Have I mentioned how much I dig this website!
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Old 09-01-2014, 07:16 PM   #22
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Great post: don't forget to add, 1st. Floor plan. 2nd Fuel type. 3rd. Length (State park restrictions). 4th Make (big differance in unit quality) and most importantly $$$. Stay within your budget. Wait for the deal, they are out there. Just be patience... We waited almost 2 year and got a great deal. 2012 with 5,622 miles, used twice.
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Old 09-01-2014, 07:17 PM   #23
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Great post...your reasoning is the same my wife and I are using in our research process. I think we have pretty much narrowed it down to a used 2007-2010 Foretravel Phenix or a 2008-2009 Country Coach Magna or Affinity, in no particular order.
For people looking for something that is a great driver, as well as solid quality, and bang-for-the at the high end, I think you have it exactly right. There are NO new coaches built today outside of a Prevost conversion, Newell, or Foretravel, that are built to this level. NONE. The high-line coaches some of you may suggest are, in my opinion, lacking in the construction of the house and how it attaches to the lower chassis.

It really is true -- they don't make them like they used to! With the demise of new Dynomax and Roadmaster S-Series the only thing comparable left in plastic coaches is the Travelride.

My only caution would be to be cautious or avoid Country Coach units made at the end when they suspected things were going to shut down.
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Old 09-01-2014, 07:34 PM   #24
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If you want to up the ante to a Prevost class RV take a look at the Forest River Charleston you are hitting $235K now but comparable to the $400K+ Prevost.
This leaves scratching my head. The underlying construction of these is not very comparable, IMO.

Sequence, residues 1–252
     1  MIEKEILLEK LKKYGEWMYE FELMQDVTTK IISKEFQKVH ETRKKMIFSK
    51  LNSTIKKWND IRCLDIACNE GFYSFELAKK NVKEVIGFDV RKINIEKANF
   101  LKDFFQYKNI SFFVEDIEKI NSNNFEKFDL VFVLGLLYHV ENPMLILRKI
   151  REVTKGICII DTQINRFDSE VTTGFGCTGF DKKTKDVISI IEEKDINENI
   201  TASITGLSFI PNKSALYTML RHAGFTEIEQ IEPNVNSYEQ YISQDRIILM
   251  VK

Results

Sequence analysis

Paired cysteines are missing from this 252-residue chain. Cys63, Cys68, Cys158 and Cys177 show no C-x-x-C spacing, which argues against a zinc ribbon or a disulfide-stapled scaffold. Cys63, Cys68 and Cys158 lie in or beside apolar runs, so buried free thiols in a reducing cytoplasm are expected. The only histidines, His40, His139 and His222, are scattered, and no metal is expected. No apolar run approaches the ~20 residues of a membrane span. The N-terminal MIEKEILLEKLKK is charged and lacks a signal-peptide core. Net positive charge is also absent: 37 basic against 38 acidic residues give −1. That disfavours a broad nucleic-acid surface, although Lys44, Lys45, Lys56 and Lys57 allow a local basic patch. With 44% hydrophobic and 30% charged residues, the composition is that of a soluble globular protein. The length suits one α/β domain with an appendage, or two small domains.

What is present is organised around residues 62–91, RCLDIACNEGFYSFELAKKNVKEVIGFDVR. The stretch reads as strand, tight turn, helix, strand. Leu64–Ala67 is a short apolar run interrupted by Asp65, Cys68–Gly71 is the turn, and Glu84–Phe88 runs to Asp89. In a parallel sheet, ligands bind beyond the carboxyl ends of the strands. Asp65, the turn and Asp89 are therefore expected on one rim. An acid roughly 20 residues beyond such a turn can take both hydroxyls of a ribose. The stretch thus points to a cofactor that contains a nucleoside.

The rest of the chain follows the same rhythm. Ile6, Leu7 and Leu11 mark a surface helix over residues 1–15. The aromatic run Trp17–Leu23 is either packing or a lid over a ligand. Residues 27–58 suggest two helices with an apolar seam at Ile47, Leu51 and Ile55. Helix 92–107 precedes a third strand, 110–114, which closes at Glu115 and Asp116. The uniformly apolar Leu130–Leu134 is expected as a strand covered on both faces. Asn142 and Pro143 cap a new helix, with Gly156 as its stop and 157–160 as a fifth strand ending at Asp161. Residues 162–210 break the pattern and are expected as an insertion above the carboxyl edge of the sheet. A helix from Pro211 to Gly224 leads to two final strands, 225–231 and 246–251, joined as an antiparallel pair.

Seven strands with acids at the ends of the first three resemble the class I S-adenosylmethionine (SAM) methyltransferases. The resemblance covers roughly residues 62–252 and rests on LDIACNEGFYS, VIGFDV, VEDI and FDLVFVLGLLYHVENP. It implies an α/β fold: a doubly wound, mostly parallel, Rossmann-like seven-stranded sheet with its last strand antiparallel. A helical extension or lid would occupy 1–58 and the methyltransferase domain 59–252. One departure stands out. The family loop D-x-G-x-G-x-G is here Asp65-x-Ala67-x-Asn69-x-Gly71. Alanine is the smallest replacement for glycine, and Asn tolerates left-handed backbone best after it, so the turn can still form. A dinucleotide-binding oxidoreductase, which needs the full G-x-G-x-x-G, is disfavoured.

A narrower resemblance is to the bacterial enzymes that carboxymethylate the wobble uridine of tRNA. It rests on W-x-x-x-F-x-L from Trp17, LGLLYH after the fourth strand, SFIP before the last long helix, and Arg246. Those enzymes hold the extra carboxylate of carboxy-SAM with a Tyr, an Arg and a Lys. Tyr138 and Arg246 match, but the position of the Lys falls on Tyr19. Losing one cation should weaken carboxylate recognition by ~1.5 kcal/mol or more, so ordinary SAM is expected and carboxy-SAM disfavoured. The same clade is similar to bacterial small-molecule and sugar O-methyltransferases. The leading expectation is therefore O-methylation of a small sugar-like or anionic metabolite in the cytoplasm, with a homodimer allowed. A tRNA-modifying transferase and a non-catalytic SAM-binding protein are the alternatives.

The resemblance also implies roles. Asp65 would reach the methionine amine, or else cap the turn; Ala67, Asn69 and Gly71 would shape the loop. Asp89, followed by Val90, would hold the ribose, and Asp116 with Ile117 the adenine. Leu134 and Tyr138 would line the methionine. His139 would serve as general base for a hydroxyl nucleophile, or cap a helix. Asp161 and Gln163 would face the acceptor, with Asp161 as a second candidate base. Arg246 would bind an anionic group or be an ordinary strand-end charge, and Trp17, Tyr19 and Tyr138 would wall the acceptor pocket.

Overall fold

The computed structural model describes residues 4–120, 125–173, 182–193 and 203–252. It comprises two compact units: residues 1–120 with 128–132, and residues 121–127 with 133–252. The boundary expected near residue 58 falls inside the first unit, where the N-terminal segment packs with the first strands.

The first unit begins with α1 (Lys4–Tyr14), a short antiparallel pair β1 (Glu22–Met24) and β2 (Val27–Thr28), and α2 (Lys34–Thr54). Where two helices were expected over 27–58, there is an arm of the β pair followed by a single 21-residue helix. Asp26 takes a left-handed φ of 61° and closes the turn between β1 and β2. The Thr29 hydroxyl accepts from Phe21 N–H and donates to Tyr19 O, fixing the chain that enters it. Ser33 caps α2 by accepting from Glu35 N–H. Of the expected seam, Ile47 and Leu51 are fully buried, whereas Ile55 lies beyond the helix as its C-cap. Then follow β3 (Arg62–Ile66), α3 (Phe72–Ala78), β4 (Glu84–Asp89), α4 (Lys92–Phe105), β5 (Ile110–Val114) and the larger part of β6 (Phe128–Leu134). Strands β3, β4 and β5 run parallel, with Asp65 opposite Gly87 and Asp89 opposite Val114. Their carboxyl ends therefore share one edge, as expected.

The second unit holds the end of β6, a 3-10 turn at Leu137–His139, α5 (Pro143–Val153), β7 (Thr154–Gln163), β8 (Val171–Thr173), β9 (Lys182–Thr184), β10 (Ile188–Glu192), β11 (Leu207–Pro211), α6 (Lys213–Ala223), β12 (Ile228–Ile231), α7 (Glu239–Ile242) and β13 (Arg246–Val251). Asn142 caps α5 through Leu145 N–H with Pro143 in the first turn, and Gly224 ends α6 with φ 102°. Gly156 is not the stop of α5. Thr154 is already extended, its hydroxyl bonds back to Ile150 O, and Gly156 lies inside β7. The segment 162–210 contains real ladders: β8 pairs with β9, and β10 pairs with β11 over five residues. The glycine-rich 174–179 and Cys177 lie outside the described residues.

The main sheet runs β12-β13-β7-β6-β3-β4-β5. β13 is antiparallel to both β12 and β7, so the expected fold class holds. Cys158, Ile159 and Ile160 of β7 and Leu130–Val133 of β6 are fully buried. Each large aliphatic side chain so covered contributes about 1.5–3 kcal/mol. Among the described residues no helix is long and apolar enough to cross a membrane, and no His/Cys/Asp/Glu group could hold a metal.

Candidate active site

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Old 09-01-2014, 08:01 PM   #25
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Question: Does the depreciation ever end? Or level off?

It must, especially if you maintain the coach well? Otherwise, wouldn't it eventually be worthless?
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Old 09-01-2014, 08:22 PM   #26
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The other thought not mentioned so far is diesel engines have changed quite a bit since somewhere around 2007? Then again in 2010? The dates I may have butchered but IMO none of those changes was for the better.
Just another thought.
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Old 09-01-2014, 08:44 PM   #27
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I think depreciation does level out some, but I don't think it ever stops. We've had our '97 HR for 4 years now. Even though overall condition has likely improved since our purchase, I can only wish it was still worth what we paid for it. Still, the amount of depreciation we have suffered with it over those 4 years wouldn't hold a candle to what a coach 10 years newer might loose in one year?

Another point I'd like to make, coming from somebody that spent the first half of his working career working on these things professionally (and loving it for the most part).

I'm thinking of that "worst case" scenario above. IMHO, looking at something over maybe 5-7 years old, it's about the condition of the walls, ceiling and floors when picking out a "winner" that's not going to eat your shorts when it comes to repairs. You need to be very careful of water intrusion issues (some brands more than others). A delaminated sidewal or roof, a big soft in a floor, a slide out that's seen better days, problems like those are a complete disaster when it comes to valuing the coach, or repairing the damage. ANYTHING else (OK, maybe shy of the engine) can be EASILY repaired or replaced reasonably. I would suggest your inspections start there, especially when you get back into the early 2000 and older coaches. If it passes that inspection, then look at the rest of it. Oh, and the comment "that leak has been fixed"? Not in my experience...

Best of luck in your hunt. Have a blast obsessing over your purchase!
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Old 09-01-2014, 09:32 PM   #28
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The value continues to drop but it does flatten out.

Ours came with the build sheet, we are third owner.

Out the door price new $243k in 1989 dollars...our cost 5k.

deals are there and pride of ownership wins over worries about loan payments.

It is old but paid for.